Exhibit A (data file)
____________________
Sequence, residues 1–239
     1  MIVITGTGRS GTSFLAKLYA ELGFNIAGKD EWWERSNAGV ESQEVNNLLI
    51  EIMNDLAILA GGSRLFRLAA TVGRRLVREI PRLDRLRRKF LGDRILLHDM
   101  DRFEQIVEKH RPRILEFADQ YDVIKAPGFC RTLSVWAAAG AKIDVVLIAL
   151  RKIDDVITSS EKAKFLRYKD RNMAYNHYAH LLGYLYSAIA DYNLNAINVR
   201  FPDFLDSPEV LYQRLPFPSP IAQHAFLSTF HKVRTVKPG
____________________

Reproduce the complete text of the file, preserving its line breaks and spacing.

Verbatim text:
Sequence, residues 1–239
     1  MIVITGTGRS GTSFLAKLYA ELGFNIAGKD EWWERSNAGV ESQEVNNLLI
    51  EIMNDLAILA GGSRLFRLAA TVGRRLVREI PRLDRLRRKF LGDRILLHDM
   101  DRFEQIVEKH RPRILEFADQ YDVIKAPGFC RTLSVWAAAG AKIDVVLIAL
   151  RKIDDVITSS EKAKFLRYKD RNMAYNHYAH LLGYLYSAIA DYNLNAINVR
   201  FPDFLDSPEV LYQRLPFPSP IAQHAFLSTF HKVRTVKPG